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Campsite impact in the wilderness of Sequoia and Kings Canyon National Parks: Thirty years of changeAuthor(s): David N. Cole; David J. Parsons
Source: Natural Resource Technical Report NPS/SEKI/NRTR-2013/665. Fort Collins, CO: U.S. Department of the Interior, National Park Service, Natural Resource Stewardship and Science. 107 p.
Publication Series: Miscellaneous
Station: Rocky Mountain Research Station
PDF: Download Publication (2.23 MB)
DescriptionSequoia and Kings Canyon National Parks are among the premier destinations in the world for wilderness travel and camping. Over 93% of the spectacular mountain country that make up these parks has been designated as wilderness, with another 4% managed as wilderness. The parks are home to the highest peak in the lower 48 states, Mt. Whitney (14,495 feet), a 97-mile stretch of the famous John Muir Trail and also 101 miles of the Pacific Crest Trail. In all, there are more than 700 miles of maintained trail in the parks, as well as numerous opportunities to travel off trails. Wilderness recreation has a long history here; a number of scenic attractions have been popular destinations for over a century. Due to this popularity, Sequoia and Kings Canyon National Parks pioneered efforts to sustainably manage wilderness recreation and this management program remains in the vanguard today.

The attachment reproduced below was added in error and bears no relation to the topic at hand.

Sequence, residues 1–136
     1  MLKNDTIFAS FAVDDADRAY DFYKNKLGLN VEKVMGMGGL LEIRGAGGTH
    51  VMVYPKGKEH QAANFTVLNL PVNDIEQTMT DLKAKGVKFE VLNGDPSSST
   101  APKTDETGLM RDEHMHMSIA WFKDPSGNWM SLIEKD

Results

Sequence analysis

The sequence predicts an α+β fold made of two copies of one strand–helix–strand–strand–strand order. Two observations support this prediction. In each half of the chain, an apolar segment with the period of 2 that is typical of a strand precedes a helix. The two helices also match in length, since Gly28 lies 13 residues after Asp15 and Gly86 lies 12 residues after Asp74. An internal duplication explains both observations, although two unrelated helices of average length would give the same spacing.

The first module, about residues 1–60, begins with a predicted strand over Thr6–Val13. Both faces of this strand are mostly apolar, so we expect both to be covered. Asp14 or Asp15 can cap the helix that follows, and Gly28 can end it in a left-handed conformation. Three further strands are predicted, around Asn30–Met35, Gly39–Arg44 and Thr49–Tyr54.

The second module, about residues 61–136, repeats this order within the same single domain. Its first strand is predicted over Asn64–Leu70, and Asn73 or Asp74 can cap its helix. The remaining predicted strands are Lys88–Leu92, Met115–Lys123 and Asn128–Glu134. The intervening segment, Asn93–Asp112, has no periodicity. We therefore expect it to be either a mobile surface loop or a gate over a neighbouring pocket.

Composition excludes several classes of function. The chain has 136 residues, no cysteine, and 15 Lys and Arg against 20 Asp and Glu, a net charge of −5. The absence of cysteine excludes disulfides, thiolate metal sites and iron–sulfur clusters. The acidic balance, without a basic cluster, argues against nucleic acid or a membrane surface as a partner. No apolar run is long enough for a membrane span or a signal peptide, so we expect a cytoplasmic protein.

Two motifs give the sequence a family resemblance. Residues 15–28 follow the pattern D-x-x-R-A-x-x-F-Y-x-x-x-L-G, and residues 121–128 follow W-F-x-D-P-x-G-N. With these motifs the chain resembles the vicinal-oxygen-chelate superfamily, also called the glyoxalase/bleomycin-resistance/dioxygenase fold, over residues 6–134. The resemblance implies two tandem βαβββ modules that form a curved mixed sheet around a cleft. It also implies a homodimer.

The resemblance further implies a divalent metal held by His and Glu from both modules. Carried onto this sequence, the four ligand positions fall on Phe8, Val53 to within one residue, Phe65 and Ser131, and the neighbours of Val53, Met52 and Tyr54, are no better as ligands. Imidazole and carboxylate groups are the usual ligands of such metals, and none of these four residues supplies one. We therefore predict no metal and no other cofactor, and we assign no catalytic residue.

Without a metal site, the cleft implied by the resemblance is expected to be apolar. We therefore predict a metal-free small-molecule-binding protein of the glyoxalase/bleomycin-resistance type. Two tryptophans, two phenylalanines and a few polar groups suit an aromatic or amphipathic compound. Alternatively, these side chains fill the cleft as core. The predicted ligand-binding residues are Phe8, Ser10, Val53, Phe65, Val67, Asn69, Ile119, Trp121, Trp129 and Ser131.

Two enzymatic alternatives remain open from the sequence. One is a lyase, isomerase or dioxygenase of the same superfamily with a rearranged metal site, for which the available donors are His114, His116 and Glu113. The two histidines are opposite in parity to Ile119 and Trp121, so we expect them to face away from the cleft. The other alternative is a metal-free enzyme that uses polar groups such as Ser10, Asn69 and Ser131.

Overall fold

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CitationCole, David N.; Parsons, David J. 2013. Campsite impact in the wilderness of Sequoia and Kings Canyon National Parks: Thirty years of change. Natural Resource Technical Report NPS/SEKI/NRTR-2013/665. Fort Collins, CO: U.S. Department of the Interior, National Park Service, Natural Resource Stewardship and Science. 107 p.
KeywordsSequoia National Park, Kings Canyon National Park, wilderness, campsite, recreation
- Mapping wilderness character in Sequoia and Kings Canyon National Parks
- Status of natural resources in Redwood Creek basin, Redwood National Park
- High reliability organizing implementation at Sequoia and Kings Canyon National Parks
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